In our blog we would like to give you valuable contributions to topics such as ADS-B, Mode-S, MLAT, flight tracking, antennas and 1090 MHz.
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Over the christmas holiday our Radarcape demo station has got a new yagi towards Munich airport EDDM/MUC in order to improve the tracking of ground traffic. The airport is around 30 km east from the location of Jetvision headquarters but a not fully free line of sight. The Radarcape demo station for this purpose is equipped with the 2 channel antenna diversity Radarcape. Such a Radarcape-2CH is equipped with two independant antenna inputs, one connected to an omni directional A3-ADSB antenna. The second input is connected to a home made 2.5m long yagi antenna.
Because there are no such long yagis for ADS-B on the market our Jetvision member Guenter has constructed this experiemental light weight (1kg), 2.5m long yagi 1090 MHz antenna with 27 elements. Its gain is 16.5dB (18.7dBi). This, within our experience, will truely be reached. In order not to be obstructed by other metallic elements on the mast the yagi is mounted on a bracket. Due to the light weight design mounting was even possible during a local storm.
The result of this is a drastic improve of the track of ground based vehicles at the airport, for example snow plowing trucks during winter time. The antenna also extends the range of the Radarcape demo towards east, where regularily 450 km distant aircraft can be observed. There is still some room for improvement, vehicles that are hidden between the buildings may be trackable with some more gain and picking up reflections. For that purpose an even longer yagi, with some 5-6m length, is in our thought.
If there is interest, we are willing to create these yagis as commerical products for customers, too. Please let us know on our support line (email@example.com)
Ground traffic on Munich airport while cleaning the runway at January 17th, 2018
Antennas at Jetvision headquarters:
Center: 2.5m long Yagi antenna, Very left: A3-ADSB for Radarcape demo, Very right: Active Diapason for Flightradar24 and for FLARM (dl4mea), unused experimental antenna.
We do see various offers for any kind of preamplifiers that are promising wonders, so let me give an explanation for the true important factors when using such devices. During my active time at ham radio I was very active in earth-moon-earth communication, that is sending signals to the moon and getting the echo back, up to 5.6 GHz, far beyond the ADS-B frequency of 1090 MHz. This is one of the most sophisticated operational modes in amateur radio, and needs high transmission power as well as most sensitive receivers. This knowledge was brougth into the receiver design of the Mode-S Beast as well as the Radarcape.
Now we do see a lot of preamps on the market. Most of the time gain is given for them, but the more important value of noise figure is missing. There are synonyms for both that can be understood easier:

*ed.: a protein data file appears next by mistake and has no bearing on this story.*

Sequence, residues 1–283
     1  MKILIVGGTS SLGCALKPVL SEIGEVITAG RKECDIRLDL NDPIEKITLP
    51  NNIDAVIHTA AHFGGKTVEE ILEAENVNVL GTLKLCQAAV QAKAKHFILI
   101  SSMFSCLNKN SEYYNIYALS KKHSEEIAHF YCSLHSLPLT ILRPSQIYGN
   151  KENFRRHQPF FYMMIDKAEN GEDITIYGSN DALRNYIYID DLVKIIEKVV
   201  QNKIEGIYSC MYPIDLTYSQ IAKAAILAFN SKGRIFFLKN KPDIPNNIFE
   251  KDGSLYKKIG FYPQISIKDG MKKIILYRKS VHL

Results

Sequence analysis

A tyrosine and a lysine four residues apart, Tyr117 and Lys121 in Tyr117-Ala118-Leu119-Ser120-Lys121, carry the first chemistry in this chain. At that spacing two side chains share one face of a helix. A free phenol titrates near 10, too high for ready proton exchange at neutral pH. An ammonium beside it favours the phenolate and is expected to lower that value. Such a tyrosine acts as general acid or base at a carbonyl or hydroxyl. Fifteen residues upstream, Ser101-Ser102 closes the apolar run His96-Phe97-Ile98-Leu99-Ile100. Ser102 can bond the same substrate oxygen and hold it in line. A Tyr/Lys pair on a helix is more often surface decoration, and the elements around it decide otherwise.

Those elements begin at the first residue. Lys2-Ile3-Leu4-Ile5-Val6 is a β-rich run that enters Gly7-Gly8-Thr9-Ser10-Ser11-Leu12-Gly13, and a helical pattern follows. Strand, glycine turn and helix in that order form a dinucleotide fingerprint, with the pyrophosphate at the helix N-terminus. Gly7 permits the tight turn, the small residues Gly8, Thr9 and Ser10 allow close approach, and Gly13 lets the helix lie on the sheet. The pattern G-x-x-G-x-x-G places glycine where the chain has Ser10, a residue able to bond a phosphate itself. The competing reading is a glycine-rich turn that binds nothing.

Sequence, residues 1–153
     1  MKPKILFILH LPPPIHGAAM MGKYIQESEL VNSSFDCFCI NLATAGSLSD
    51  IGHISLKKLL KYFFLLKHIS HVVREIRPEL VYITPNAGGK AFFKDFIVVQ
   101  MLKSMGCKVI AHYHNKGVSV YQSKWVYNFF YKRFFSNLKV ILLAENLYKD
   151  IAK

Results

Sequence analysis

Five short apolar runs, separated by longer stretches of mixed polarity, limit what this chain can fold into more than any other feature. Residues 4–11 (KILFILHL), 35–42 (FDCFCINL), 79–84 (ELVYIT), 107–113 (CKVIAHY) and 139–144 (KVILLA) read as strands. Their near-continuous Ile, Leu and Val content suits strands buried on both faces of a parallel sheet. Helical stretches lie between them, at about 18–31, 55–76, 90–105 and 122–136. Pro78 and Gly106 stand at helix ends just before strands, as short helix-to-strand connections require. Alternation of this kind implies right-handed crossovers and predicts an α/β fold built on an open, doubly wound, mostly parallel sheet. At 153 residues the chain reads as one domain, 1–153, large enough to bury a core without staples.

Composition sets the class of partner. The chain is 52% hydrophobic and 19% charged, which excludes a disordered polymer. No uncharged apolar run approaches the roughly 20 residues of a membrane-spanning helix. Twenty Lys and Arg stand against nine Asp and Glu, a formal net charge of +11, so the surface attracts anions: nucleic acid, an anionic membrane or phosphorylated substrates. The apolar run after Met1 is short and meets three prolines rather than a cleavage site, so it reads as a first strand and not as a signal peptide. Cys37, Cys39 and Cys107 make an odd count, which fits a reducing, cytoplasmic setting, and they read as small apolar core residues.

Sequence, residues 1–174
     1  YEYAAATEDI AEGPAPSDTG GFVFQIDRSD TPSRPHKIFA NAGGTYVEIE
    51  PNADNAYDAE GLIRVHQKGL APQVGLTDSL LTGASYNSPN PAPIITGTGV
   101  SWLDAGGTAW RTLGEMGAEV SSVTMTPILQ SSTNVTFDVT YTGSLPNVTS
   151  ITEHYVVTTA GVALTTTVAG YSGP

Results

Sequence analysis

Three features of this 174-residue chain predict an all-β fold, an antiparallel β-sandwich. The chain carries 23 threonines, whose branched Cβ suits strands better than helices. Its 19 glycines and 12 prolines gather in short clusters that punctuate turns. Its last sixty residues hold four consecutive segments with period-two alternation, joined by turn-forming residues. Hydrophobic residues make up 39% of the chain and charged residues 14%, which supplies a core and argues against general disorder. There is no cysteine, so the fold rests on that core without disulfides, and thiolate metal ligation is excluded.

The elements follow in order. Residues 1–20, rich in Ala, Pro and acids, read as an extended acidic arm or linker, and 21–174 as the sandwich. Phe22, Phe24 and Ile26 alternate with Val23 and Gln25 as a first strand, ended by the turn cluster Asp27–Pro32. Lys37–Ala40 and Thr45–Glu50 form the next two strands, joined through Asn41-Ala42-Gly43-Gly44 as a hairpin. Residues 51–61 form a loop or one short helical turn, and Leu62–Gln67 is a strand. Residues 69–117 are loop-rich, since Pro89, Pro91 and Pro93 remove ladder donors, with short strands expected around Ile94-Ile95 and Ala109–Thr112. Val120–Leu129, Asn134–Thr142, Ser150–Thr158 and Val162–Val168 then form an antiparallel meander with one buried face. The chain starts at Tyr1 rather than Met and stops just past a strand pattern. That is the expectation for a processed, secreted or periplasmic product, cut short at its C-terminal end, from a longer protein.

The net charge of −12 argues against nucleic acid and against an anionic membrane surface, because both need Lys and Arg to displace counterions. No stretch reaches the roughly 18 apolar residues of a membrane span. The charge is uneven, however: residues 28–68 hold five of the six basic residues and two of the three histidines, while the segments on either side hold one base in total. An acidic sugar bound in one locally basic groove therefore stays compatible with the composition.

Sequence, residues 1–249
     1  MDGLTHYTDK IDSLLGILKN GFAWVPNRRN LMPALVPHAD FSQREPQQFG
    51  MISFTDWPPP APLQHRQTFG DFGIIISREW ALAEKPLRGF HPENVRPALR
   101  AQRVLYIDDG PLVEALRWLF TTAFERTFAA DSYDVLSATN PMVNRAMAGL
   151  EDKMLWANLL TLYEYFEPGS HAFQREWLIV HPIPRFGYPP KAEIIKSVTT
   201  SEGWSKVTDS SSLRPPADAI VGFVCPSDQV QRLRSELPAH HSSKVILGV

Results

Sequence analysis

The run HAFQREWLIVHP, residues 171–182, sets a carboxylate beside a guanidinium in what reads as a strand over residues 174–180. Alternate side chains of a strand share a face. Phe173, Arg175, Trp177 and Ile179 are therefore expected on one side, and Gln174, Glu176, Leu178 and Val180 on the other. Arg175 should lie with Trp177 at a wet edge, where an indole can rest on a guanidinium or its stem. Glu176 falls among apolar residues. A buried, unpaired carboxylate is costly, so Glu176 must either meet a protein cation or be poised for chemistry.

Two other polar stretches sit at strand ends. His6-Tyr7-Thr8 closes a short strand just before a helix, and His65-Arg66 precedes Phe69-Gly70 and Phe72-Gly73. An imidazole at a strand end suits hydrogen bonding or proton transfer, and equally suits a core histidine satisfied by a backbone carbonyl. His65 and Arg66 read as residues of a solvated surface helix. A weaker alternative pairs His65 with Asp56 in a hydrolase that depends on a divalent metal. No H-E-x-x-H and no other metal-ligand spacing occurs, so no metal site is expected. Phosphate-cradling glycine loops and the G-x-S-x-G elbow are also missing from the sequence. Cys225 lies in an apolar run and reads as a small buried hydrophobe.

You may quickly understand by these synonyms, once you have destroyed the black level of your picture into a kind of grey, you no longer never can see the small nuances of weak black symbols on your screen. It is the same with radio signals: Once you have destroyed the noise figure, you never will get it back. Even turning the brightness on (= adding gain), you never will recover the true cold black on your screen but instead simply amplify your grey even more.
This brings me to the cable: A cable is attenuation. With our video screen, this is similar to a milky glass in front of it. So you don't see the nice pure black any more but a little bit of grey. Of course, your bright symbols still appear readable. If now you insert an amplifier, the bright symbols will become brighter, but also the grey becomes brighter. But the weak nuances of black are lost.
However, if you amplify before passing the lossy section, you will amplify the nuances of black we're talking about, and they may be still readable behind the attenuation.
Even worse, electronic devices may become overloaded by the shiny bright parts. So this means with an amplifier after the cable and in front of the receiver, you may make things even worse. Only if your device is really deaf or has a lot of internal losses, an amplifier in direct front of the antenna input will improve the situation.
Our Active Diapason antennas for 868MHz (FLARM) and 1090 MHz (ADS-B) are equipped with an amplifier directly connected to the antenna element, which is the pure optimum. Their noise figure is somewhat 1 dB, a quite reasonable value for an antenna that partly sees warm earth within its diagram (less than, say 0.8 dB, only makes sense for space pointing antennas). They are sold with 20 m cable because the gain should not overdrive the receiver, and because this cable attenuation is completly knocked out due to the low noise figure.